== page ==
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Self Sufficiency
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Is It Possible?

Well, is it? I'm going to start off by saying: probably not! At least, not in the way we'd like to think. The idea of being castaways on a desert island, or living in an area so remote that other people don't come into consideration is, for most, only a dream, perhaps a nightmare, depending how you look at it. Once civilisation is a factor, the rules change. Add society to the mix and self-sufficiency can only ever be a percentage achievement. How high that part of a lifestyle can rise depends on where you live and how far the presiding authorities will allow you to deviate from the expected norm. It is, however, well worth contemplating, as long as you know what you might be up against.

I recall a case a few years back when a family tried to be as self-reliant as they could possibly be. They had a home on a few acres, generated their own power and grew most of their food. Any requirements over and above this were either acquired by trading some of their surplus, or selling it for cash which was needed from time to time. An immediate compromise, you might think - corrupted by money, they were really no different to anyone else. Unfortunately, they had no choice. Although they owned the property, it was still subject to rates and taxes which couldn't be paid for with a tonne of potatoes and a few cases of fruit. Government departments only deal in hard cash; and they do not like to be made redundant by some clever hippy hobby-farmer. Money is one way they retain control over the population, particularly innovative individuals seeking to opt out of the system.

Local, State and Federal laws also ensure no-one can ever break away for long - compulsory voting in elections; obligatory feral-pest baiting programs; whatever else they can think of to create another official form to keep the peasants under their thumb; plus the coup de grĂ¢ce - the welfare of any children. The couple in question had some and were sure they were doing the right thing by them. They were exceptionally well looked after and were as healthy as any kids. No matter what checks the various government departments chose to institute, the family passed with flying colours; all except one - schooling. Being well-educated themselves, they had been teaching the kids at home, apparently to a standard far above students of a similar age; but despite this, the parents were forced to enrol their children in school. It was a bitter defeat, an inevitable one. To my knowledge, they accepted the compromise and continued with their alternative lifestyle which I imagine is still very rewarding. Good luck to them; but what about the rest of us?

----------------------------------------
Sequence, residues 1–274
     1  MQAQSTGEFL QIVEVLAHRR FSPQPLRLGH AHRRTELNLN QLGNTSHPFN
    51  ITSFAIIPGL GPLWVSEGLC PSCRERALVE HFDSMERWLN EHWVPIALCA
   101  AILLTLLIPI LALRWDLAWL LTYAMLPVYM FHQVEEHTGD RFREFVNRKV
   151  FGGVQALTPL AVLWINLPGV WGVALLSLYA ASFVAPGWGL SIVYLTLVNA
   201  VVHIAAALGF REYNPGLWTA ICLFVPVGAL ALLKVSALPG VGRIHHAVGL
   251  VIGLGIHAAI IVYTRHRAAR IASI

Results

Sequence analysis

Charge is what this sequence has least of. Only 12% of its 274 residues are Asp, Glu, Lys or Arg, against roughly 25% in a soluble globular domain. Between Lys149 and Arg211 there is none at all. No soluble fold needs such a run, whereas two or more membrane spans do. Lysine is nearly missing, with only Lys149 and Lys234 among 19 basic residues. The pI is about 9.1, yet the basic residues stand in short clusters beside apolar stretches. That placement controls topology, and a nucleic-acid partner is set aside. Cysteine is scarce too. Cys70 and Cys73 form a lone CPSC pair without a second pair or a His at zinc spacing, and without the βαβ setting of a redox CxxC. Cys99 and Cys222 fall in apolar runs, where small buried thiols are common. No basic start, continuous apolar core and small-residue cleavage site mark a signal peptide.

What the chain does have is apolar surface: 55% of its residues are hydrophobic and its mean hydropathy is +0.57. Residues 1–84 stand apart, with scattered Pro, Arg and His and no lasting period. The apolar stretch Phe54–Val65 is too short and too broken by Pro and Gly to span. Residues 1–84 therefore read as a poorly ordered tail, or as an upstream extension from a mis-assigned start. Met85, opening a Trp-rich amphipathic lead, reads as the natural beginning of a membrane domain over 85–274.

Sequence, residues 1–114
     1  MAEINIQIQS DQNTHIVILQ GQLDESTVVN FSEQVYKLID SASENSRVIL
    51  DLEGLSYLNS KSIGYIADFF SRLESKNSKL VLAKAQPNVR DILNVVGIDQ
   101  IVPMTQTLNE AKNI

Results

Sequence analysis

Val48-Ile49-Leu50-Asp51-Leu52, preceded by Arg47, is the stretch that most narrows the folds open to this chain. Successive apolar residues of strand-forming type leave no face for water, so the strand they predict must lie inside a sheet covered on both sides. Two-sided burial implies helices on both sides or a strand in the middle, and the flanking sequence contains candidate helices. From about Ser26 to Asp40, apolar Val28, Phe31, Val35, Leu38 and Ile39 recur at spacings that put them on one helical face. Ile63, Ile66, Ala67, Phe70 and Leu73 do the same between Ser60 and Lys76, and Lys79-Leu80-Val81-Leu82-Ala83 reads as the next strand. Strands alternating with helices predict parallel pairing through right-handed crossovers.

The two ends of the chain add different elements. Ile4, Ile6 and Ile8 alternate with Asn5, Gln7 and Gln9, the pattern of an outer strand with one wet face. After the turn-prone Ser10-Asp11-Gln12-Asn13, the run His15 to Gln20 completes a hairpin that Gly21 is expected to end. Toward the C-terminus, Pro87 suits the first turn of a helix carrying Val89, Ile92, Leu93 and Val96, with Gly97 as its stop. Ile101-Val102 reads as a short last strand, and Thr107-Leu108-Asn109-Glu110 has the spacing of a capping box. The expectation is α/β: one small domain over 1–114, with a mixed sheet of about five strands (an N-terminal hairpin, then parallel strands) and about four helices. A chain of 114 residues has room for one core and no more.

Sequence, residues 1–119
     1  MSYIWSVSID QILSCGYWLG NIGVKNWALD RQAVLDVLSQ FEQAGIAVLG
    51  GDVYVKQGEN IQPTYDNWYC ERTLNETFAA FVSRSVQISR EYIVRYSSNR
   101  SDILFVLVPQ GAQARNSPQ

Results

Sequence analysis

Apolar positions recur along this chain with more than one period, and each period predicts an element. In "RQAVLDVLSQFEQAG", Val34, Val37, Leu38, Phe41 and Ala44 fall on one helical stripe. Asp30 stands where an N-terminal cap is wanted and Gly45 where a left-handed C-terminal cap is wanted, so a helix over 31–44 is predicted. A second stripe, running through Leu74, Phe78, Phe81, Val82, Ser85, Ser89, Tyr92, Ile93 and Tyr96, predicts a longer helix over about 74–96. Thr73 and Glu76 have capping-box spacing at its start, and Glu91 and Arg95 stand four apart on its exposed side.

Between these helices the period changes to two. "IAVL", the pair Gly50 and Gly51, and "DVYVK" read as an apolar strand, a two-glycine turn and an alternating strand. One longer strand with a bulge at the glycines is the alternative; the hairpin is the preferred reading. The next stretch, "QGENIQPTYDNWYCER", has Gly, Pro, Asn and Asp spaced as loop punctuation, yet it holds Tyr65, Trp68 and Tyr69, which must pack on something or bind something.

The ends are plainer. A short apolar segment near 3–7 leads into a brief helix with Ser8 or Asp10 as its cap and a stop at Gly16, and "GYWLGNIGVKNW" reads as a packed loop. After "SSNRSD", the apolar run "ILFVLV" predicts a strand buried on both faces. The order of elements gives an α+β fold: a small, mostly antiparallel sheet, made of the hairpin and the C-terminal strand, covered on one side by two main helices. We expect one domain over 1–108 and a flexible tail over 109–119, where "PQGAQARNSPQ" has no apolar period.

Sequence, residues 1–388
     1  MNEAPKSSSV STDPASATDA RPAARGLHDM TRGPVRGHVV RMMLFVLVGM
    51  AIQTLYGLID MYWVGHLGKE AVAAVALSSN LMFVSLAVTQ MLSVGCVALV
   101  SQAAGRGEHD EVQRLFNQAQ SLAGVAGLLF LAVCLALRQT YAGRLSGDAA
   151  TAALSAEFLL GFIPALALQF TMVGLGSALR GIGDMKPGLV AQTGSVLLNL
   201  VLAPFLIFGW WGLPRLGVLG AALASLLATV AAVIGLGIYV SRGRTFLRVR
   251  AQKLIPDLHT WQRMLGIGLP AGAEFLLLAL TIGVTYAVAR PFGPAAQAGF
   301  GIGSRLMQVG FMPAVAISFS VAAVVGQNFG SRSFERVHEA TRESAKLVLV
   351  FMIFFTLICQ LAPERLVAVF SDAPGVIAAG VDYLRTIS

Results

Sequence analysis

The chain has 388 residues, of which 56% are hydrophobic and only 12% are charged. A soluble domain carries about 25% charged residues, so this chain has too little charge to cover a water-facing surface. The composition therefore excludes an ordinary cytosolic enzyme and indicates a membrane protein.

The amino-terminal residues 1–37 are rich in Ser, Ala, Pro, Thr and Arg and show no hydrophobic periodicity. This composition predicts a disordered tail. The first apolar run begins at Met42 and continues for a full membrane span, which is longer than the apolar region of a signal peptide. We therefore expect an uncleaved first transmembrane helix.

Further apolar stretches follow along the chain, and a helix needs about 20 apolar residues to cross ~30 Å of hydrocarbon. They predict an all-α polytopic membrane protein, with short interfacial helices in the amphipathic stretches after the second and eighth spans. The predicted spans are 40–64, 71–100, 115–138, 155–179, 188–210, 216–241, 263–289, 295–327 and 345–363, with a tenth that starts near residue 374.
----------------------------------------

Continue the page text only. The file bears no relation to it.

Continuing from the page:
There are many ways of producing the necessities aside from having to pay someone else for them. Power, especially electrical, is usually an expensive utility; but it doesn't have to be. In regions with abundant sunshine, solar is the way to go. The initial cost of setting up is quite high; but over time the savings are generally recouped in full and, as long as the equipment is durable, future savings should continue. Electricity generated by solar panels and stored in battery modules is ready for immediate use at no extra cost other than for repairs and replacement of equipment. Provided power generated is sufficient, homes employing this setup have no need to pay for electricity from the usual supplier. In Australia, an alternative compromise is to fit solar panels which feed the State grid. Electricity is still paid for at the standard price, plus normal service charges; but the energy injected into the grid is credited against the account. Although the provider gives back a lot less per unit than it charges, savings can be considerable. Our neighbour uses this system and often pays as little as $2 in total for a two-month account period; and as the feed-back equipment is paid for and serviced by the Company, the only expense to customers is for maintenance of their solar panels. The one drawback is during a power-cut because, being a relayed supply, there is no electricity either in or out for the duration.

Solar water-heating is another money-saver. Once again, the pre-requisite is sunshine. Captured by the panels, it is converted to energy which heats water in a storage tank, meaning instant hot water from the power of the sun, at least for the first shower or three. On a clear day, the water temperature climbs to boiling point very quickly, so a thermostatically-controlled switch is fitted to interrupt the conversion when the pre-set level is reached. Even times when the sky is overcast, the system still works, although not as efficiently. Days of little or no sun are compensated for by an auxiliary electrical booster which is also governed by a thermostat, cutting in and out automatically as necessary. We always left ours off to save on power costs, only switching it on if the water was too cold. We also changed our routine, ensuring showers were taken in the morning, after which the sun had all day to re-heat the tank water.

An alternative energy source for areas which experience predominantly low sunshine might be wind power. As with solar, setup costs are likely to be high and there is no guarantee of sufficient and continuous wind speed. Then there is the water-wheel which is fine if there's a flowing river or creek nearby. Next, you'll probably think, he's going to suggest generators driven by pedal or donkey power. Although not beyond the bounds of possibility, these are venturing into the realms of rustic fantasy and are impractical for the most part. Self-sufficiency, it would seem, can only be partially achieved.

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